FOOTBALL: Houston puts his case for the defence

Glenn Moore hears the views of the new Arsenal manager, whose first big European test occurs tonight
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The Independent Online
Nine days ago he was simply the man into whose arms Ian Wright jumped every time he scored one of his more spectacular goals. Now Stewart Houston is charged with leading Arsenal out of the mire of scandal and depression.

Highbury has been forced to adopt the cry of "The King is dead, long live the King" this month, with the assistant manager suddenly thrust to power after George Graham's departure.

Houston has started brightly enough, Arsenal winning their first two games under his command. Now, however, comes his first big test, as he attempts to extend Arsenal's defence of the European Cup-Winners' Cup. It has reached the quarter-final stage, and the Gunners play their first leg against Auxerre, of France, at Highbury tonight.

Yesterday, as Houston faced the press at a Hertfordshire hotel, it seemed like old times. A smooth Scottish voice emanating from a well-dressed, lean and angular frame neatly evaded the trickier questions, firmly answered the easy ones, and spoke of the importance of the back four. It could have been one of Graham's better displays, right down to the insistent way he corrected one reporter's reading of Paul Merson's tactical role at Crystal Palace on Saturday.

Yet Houston, despite his eight years at Highbury, is no Graham clone. The former manager, on his first day in charge, told everyone at the club that he was to be called Mr Graham. Houston is happy to be called Stewart - for now.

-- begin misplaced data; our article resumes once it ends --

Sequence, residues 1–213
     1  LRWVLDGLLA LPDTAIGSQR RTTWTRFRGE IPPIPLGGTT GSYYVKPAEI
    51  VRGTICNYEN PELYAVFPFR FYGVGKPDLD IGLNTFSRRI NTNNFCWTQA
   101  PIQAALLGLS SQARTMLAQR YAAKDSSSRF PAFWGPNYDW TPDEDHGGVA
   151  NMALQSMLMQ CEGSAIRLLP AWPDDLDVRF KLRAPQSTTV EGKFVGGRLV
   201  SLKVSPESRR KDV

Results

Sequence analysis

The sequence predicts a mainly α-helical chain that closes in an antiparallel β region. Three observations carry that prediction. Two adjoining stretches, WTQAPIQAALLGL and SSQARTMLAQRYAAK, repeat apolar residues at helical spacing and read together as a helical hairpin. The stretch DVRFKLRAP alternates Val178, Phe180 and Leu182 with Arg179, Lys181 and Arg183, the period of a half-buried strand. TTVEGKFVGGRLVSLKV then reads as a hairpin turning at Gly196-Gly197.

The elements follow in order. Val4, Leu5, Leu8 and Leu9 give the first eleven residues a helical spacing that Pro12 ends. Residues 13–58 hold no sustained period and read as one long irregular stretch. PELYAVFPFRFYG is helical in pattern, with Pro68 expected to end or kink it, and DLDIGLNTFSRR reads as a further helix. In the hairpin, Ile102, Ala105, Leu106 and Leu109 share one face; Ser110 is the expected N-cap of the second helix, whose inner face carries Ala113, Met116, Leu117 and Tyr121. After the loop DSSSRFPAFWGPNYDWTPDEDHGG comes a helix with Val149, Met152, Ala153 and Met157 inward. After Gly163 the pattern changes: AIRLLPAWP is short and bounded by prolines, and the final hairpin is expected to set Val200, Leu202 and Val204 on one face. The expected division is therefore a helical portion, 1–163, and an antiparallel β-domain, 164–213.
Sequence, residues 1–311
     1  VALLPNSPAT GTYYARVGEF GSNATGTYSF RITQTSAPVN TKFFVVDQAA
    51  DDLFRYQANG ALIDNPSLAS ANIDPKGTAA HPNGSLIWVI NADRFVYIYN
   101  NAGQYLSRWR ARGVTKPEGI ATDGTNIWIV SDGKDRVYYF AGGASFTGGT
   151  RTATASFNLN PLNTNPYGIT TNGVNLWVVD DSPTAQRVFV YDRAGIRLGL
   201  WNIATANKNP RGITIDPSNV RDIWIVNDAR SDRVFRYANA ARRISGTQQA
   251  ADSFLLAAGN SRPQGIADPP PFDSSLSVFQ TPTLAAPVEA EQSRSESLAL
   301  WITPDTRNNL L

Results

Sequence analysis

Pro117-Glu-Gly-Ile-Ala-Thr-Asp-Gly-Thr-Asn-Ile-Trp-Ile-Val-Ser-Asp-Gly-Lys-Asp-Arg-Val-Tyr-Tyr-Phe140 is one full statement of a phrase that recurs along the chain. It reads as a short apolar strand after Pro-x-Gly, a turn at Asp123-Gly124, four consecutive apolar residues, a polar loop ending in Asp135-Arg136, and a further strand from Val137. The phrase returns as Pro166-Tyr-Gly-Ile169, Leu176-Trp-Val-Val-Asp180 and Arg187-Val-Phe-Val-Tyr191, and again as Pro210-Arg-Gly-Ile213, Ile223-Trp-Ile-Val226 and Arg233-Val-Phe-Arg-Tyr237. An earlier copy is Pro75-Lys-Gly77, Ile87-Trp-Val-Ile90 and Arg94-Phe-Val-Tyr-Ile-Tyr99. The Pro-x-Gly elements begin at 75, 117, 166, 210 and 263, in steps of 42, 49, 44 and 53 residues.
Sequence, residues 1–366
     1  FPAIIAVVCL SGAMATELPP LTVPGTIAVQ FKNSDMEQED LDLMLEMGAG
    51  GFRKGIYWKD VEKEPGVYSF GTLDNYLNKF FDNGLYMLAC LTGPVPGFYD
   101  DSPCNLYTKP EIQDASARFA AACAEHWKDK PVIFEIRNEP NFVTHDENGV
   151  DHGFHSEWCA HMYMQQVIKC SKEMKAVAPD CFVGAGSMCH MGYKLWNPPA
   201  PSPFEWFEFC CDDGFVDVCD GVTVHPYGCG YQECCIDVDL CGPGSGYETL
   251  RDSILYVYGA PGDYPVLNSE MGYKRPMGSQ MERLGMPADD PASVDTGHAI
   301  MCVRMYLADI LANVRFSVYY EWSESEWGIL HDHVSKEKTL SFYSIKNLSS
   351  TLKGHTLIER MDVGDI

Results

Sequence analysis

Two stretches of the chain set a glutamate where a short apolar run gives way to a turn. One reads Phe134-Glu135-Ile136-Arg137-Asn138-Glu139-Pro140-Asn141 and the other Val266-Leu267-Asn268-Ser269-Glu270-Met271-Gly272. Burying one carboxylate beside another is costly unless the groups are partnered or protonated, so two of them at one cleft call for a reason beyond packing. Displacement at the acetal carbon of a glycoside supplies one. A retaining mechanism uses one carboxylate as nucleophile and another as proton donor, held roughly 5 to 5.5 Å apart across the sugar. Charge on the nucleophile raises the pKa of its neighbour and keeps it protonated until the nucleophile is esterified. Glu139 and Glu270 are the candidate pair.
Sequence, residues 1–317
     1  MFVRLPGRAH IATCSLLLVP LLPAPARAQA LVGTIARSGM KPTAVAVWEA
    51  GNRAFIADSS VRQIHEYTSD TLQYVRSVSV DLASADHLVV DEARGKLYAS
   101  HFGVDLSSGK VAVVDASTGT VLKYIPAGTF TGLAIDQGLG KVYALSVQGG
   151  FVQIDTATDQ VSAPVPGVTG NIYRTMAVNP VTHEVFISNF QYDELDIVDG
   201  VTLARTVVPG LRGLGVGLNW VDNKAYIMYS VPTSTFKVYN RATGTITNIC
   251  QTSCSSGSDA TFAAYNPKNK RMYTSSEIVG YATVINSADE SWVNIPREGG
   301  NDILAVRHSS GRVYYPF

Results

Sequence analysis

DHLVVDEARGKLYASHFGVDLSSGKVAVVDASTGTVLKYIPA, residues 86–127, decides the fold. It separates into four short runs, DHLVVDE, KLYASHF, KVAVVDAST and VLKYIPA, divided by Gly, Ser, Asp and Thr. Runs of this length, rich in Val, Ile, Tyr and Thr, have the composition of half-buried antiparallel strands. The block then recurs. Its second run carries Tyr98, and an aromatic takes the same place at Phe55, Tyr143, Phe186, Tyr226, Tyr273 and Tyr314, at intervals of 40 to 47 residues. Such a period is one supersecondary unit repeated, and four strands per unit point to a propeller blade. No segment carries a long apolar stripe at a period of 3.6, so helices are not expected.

He is closer to the players than Graham allowed himself to be, especially the younger ones he nurtured in the club's reserve team who he ran when he first came to Highbury. "I was the buffer, when he knocked them down I built them up; when he praised them I would bring them back to reality," said Houston, who has already consulted senior players more than Graham did.

His first move was to talk to Tony Adams, the club captain, who was rumoured to be contemplating a move. Houston told him he saw Adams as a key figure in the club, and was rewarded with a promise of support.

There have been few changes. "It is partly a matter of stamping your own authority, but also of retaining continuity," he said. "Everyday things have carried on as before. We will carry on the way we have - it has brought lots of success.

"We must have a solid defence, the success of every good side comes from the back, but we also have players like Glenn Helder and a revitalised Paul Merson. I hope we can bring more of a dimension to our play."

So far, Houston has only got the job to the end of the season, but he is keen to make it permanent. "I had no great ambitions to manage. I was very happy doing what I was doing and, although I had thought about managing, I had not gone into it much as I thought it would mean leaving. If you leave Arsenal, the only way to go is down."

Houston met Graham at Manchester United, when they both played in the relegation team of the mid-Seventies. He went on to play once for Scotland, and in the 1976 FA Cup final defeat by Southampton.

He moved to Highbury in 1987, and has been assistant manager since 1990. Retention of the European Cup-Winners' Cup would clearly help his candidature, and it ought not to be beyond Arsenal.

For the first time in Europe, Arsenal are troubled by the "foreigners" rule, although the situation is eased by the return from suspension of Tony Adams and Ian Wright. Auxerre have bigger problems, with a goalkeeping crisis that may force them to use their third choice tonight.

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